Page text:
It's Raining Men

In October 1982, the Weather Girls' popular tune "It's Raining Men" made it to number one on the U.S. disco chart. The tune is catchy, and the lyrics tell us that every "lonely" women is about to find her "perfect" guy. Well, a lot of the young lonely men coming of age in Asia in the near future have absolutely no hope of finding their perfect woman, and it's a dangerous situation.

In Asia--East, West, and in between--the disparity between the birthrates of males and females has grown to epidemic proportions. According to experts, there are 100 million more men than women. There is a term for this: gendercide.

Historian Niall Ferugson explains that "men without women" is a very, very bad thing. History has shown that when this happens, "testosterone will be exported," which is another way of saying that countries will be mired in horrible violence.

Ferugson had a clever choice of phrase, and he's right. Researchers are starting to link lower "testosterone (and cortisol) levels" in men who are married. Driving down testosterone levels in males helps society. Testosterone is linked with a host of aggressive and anti-social behaviors. Besides having a host of psychological problems, single men are poorer and die younger. A study called Why Marriage Matters reinforces the fact that marriage has a civilizing effect on men. You might also be interested in reading George Gilder's book Men and Marriage about this effect.

With few women left in their countries, Asian men are not going to be civil, but they are going to look for sex elsewhere.

Popularized in the movie Seven Brides for Seven Brothers, the story about the Sabine women has been handed down from ancient Roman times. As the story goes, there were plenty of men in the newly formed city but few women. The men wanted to marry and start families, so they looked to neighboring families, the Sabines, to find wives. The Sabines refused their suit. So, the Romans ended up abducting the young women. After threatened bloodshed, the women stopped the impending violence, and the two groups united.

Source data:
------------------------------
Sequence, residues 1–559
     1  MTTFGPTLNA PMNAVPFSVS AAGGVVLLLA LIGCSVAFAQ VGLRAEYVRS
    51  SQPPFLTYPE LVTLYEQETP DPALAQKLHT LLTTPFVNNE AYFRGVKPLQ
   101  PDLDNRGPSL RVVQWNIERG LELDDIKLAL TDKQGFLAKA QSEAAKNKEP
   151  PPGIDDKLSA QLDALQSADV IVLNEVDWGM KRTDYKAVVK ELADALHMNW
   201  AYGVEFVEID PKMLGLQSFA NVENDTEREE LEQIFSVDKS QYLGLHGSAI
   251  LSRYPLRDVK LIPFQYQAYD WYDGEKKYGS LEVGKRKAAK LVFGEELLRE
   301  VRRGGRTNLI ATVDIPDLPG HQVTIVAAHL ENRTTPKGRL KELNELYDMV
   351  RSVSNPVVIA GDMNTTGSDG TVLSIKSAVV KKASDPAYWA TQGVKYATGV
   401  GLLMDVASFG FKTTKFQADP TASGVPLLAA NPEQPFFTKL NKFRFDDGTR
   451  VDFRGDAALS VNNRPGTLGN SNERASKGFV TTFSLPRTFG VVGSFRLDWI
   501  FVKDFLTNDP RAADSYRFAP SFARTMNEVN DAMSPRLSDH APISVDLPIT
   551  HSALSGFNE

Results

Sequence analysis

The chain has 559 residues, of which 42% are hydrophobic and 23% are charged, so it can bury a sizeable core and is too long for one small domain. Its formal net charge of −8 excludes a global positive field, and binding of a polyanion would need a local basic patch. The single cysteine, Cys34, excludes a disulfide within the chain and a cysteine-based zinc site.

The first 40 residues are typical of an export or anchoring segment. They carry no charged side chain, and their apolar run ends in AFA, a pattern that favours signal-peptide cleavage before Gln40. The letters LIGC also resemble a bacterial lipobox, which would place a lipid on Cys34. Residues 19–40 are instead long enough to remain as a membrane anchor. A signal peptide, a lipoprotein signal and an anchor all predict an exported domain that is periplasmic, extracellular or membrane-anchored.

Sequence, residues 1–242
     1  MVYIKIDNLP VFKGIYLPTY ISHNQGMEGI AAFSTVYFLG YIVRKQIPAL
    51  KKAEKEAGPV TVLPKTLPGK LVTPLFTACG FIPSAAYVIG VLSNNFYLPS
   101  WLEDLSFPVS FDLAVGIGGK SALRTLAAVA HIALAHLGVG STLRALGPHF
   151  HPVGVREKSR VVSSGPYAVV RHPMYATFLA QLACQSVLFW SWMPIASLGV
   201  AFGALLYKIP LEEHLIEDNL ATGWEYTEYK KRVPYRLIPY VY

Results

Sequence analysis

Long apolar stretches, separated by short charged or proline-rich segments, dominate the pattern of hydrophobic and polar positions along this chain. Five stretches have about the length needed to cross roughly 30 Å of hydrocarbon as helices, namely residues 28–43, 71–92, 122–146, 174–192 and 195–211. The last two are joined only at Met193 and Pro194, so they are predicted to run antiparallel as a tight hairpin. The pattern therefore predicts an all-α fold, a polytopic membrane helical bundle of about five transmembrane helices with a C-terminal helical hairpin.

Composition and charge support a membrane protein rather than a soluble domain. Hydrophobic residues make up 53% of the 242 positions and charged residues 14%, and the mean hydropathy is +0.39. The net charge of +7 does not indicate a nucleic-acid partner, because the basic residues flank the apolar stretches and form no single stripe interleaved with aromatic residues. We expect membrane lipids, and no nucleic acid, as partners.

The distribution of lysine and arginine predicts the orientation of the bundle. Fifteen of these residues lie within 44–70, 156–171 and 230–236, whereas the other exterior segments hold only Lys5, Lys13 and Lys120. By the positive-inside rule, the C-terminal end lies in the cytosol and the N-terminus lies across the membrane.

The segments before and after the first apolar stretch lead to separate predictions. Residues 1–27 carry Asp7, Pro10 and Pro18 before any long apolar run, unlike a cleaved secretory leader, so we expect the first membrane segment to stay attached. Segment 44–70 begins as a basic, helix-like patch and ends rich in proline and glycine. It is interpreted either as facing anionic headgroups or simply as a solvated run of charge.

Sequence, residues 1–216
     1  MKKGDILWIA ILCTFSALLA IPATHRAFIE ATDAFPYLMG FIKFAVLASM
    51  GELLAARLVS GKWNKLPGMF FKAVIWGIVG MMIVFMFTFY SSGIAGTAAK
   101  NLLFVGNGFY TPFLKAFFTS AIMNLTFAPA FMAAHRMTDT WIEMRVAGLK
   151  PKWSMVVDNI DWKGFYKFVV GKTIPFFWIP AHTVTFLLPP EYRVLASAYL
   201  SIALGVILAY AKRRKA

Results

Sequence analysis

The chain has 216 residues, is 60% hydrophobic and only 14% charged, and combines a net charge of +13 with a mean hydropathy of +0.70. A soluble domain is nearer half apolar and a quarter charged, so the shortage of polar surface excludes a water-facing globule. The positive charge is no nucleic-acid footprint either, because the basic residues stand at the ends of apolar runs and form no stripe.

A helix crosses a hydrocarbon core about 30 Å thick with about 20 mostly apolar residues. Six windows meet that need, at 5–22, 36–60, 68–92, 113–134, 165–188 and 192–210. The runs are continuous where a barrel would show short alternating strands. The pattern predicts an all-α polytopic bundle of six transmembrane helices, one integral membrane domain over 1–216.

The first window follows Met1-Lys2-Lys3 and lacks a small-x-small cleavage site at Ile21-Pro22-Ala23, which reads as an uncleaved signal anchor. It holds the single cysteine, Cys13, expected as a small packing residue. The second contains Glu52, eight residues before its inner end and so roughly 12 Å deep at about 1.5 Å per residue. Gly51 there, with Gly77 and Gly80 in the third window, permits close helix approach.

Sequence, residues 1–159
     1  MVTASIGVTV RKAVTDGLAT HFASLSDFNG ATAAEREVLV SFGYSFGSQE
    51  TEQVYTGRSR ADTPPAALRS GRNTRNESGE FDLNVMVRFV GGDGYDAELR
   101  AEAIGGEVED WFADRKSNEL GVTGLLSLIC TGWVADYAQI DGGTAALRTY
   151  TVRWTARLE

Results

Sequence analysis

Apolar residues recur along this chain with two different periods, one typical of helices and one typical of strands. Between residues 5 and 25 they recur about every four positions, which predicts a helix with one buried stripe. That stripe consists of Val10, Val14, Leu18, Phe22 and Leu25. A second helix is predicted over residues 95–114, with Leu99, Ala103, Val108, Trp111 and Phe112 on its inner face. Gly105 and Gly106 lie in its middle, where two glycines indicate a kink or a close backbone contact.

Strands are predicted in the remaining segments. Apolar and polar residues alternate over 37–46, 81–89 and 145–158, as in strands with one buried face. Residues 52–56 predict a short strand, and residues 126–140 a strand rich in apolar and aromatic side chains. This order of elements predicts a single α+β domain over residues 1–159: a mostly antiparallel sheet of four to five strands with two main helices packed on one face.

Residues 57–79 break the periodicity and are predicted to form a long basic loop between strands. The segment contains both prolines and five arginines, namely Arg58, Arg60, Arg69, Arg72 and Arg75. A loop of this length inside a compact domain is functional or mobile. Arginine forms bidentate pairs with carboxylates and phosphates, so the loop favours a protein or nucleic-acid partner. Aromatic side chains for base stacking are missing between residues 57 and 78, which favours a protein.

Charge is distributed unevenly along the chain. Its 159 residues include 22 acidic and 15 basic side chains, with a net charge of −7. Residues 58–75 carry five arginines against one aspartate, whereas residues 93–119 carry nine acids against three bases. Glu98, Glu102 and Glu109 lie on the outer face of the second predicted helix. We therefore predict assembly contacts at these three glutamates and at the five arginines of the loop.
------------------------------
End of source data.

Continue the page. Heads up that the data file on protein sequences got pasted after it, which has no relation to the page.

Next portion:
Instead of getting husbands who are cheerful (and good dancers) today, women and children are being abducted and sold into slavery, and the problem is only going to get worse. In China alone, it is estimated that by the year 2020, there will be 30 to 40 million unattached men. This too has a term: "bare branches."

The issue is important for Asian men, but it is also important for the rest of the world. One day, like the Romans, a bunch of uncivilized men might just be looking for wives here.


"Do you ever wonder how the status of women (and as a result, the fate of these lonely young men) be different, had the Gospel that had been so courageously preached borne more fruit, particularly among the Chinese government?"

It is not clear that the Cultural Revolution would be kinder to a Christian China then it was to a Confucian China.
Lee, said Chinese businessmen are welcome to try that at Georgetown:
Mine wasn't THAT far off-topic, really. I mean, there were shots of Ioan Gruffudd playing William Wilberforce, and Chuck likes Wilberforce, and . . . and . . . I'm reaching here, aren't I?
Gina, loved the video! I think there might be a movie which I missed seeing. Jane Austen really knew how to create a love story.

Rolley, all I could think of was Peking Duck, or duck a l'orange.

Being creative sorts, James, we can always make more money. There might be some very tough years ahead, but people still fall in love and marry even when they are poor. (Marriage being a good way of elevating one's financial status.)
Let's make a deal...
"Proverbially speaking, so many doors and windows have been screwed shut before those young men were born."
Same here, our gig is to spend their earnings before they're born. It's not unreasonable to foresee women born here wanting to escape the "financial climate" that they arrive into. "Asian brides" will take on a new meaning. That will leave a bunch of single guys here, but our commie government can "arrange" low paying jobs for the bachelors making cheap goods to sell over there.